Preterists typically challenge the covenant’s unfulfilled aspects by contending that it was fulfilled either in the days of Joshua (Josh 11:23; 21:43-45) or during the prosperous portion of Solomon’s reign (1 Kings 4:20-21; 8:56). However, several reasons make this interpretation suspect. First, the extended context indicates that the land promises were not completely satisfied in the days of Joshua (13:1-7; Judg 1). Second, the land that Israel attained in the conquest was only a fraction of what was found in the Abrahamic Covenant. Third, the land promises could not have been fulfilled in Joshua’s day since Israel had not yet conquered Jerusalem (15:63). The conquest of Jerusalem would have to wait another four hundred years until the Davidic reign (2 Sam 5). Fourth, the Abrahamic Covenant promises that Israel would possess the land forever (Gen 17:8). This eternal promise has obviously never been fulfilled due to Israel’s subsequent eviction from the land after Solomon’s reign. Fifth, if the land promises were satisfied in Joshua’s or Solomon’s day, then why do subsequent prophets treat these promises as if they are yet to be fulfilled (Amos 9:11-15)?
Because of the nation’s unconditional and unfulfilled covenant structure, a divine divorce of Israel is impossible. If God can cast aside His covenant promises to His elect nation, then His character is fickle and all of the promises He has made to His church are similarly untrustworthy. Thus, Paul expounds upon God’s covenant faithfulness to Israel (Rom 9-11) immediately after detailing the unconditional promises that He has made to the church age believer (Rom 8:18-39). In other words, because God cannot divorce Israel, we know that He will never divorce the church.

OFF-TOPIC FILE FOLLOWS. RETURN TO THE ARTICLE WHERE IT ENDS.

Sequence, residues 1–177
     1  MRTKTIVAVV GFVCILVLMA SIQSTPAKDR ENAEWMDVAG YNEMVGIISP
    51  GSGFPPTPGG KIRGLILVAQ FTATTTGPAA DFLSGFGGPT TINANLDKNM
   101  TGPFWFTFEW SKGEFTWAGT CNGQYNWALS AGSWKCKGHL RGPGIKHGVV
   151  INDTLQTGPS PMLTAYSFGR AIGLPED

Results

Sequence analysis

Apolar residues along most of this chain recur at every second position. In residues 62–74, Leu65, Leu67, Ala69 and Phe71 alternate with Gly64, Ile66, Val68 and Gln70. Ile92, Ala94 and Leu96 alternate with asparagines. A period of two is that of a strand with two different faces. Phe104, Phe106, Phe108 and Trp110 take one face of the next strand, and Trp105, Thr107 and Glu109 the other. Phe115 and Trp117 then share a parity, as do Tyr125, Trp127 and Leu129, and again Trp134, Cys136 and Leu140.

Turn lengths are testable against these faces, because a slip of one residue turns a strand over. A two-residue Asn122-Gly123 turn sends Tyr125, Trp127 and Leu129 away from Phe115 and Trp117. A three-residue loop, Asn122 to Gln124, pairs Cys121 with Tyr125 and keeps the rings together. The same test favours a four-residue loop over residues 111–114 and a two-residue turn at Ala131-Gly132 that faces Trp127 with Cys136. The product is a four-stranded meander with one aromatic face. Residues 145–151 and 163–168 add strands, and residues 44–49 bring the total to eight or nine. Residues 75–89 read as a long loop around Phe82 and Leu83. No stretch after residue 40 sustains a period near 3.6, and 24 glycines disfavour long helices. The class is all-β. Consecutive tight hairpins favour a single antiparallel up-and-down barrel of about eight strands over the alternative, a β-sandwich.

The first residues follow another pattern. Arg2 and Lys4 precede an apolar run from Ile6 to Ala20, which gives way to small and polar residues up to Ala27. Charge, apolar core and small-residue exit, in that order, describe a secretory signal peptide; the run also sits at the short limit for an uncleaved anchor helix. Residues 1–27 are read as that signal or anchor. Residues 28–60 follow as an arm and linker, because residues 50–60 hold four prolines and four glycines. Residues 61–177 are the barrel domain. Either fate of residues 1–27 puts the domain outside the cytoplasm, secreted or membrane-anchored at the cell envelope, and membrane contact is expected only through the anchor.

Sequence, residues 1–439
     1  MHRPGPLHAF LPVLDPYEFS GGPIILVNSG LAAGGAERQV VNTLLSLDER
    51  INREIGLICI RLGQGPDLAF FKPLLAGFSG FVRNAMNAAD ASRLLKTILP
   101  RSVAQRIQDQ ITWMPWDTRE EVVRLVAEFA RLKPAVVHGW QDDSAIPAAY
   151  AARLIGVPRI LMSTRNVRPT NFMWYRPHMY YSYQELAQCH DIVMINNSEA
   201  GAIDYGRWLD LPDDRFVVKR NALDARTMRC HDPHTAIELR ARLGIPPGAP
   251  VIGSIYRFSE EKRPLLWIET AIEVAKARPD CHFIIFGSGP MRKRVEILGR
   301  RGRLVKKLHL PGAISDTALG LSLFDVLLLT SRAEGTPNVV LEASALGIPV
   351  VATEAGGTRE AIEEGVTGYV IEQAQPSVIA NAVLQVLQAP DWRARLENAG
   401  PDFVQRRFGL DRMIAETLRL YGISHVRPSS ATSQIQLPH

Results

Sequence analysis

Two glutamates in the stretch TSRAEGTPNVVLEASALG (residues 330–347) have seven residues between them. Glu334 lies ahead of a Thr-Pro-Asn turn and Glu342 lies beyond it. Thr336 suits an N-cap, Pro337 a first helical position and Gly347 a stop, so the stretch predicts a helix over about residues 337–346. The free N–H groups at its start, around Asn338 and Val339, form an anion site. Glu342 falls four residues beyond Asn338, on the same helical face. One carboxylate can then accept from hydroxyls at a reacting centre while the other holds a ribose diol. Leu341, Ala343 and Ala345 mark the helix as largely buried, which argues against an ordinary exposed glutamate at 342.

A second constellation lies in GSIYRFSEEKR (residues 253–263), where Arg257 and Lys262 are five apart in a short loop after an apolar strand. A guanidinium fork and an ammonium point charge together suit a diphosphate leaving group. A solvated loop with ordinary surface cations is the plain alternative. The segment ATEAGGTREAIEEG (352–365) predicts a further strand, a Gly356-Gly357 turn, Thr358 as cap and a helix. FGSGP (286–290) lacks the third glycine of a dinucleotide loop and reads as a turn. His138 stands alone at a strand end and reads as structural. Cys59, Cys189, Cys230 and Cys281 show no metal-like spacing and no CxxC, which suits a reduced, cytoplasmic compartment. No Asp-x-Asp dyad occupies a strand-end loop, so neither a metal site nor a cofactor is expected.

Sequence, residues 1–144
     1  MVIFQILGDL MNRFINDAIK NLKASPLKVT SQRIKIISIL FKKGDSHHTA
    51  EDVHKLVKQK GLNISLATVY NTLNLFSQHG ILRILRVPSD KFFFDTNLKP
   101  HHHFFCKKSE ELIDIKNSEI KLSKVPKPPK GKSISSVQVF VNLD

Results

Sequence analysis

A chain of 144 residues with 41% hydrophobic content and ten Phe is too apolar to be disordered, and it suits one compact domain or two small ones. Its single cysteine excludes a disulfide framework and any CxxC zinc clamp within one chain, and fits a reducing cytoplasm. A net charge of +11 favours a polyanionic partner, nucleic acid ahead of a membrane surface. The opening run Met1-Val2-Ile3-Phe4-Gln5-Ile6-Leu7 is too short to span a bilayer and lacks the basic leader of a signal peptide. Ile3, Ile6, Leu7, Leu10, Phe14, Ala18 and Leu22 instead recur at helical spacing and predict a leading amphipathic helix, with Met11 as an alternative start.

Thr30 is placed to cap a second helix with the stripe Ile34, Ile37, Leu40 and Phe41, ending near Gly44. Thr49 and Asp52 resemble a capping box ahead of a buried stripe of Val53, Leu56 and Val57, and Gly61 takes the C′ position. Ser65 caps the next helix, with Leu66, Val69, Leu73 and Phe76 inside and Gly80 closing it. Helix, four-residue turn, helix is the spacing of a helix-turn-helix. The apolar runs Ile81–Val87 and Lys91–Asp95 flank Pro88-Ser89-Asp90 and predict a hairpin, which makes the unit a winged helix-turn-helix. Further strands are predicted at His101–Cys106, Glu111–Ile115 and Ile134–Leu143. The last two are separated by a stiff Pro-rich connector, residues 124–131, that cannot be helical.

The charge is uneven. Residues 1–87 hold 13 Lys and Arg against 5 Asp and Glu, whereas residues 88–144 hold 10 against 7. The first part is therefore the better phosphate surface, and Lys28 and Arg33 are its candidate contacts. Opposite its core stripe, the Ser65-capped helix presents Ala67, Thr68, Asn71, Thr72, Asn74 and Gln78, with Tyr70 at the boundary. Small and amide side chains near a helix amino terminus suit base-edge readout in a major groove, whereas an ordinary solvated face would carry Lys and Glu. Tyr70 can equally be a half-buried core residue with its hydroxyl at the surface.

Most dispensationalists understand Revelation 7 as speaking of 144,000 Jews (Rev 7:1-8) who will evangelize the world in the future tribulation period (Rev 7:9-17). However, the preterist understands Revelation 7 as conveying a pause in the action involving Jerusalem’s A.D. 70 destruction when God begins to form "new Israel" or the church to permanently replace harlotrous Old Testament Israel. However, the preterist must rely on several tenuous propositions in order to reach this conclusion. First, he must deliteralize the numbers 12,000 and 144,000. However, one wonders how God could have possibly communicated the idea of 144,000 Jews emanating from each of Israel’s twelve tribes if the language of Revelation 7:1-8 is insufficient for the task? Moreover, these numbers must be taken as specific numbers rather than as mere generalities since John was quite adept at expressing generalizations when it was his desire to do so. Even within this same chapter, John uses the phrase "a great multitude which no one could count" (Rev 7:9) to express a general figure. Yet in Revelation 7:4-8, John does not use a similar generality but rather provides specific numbers.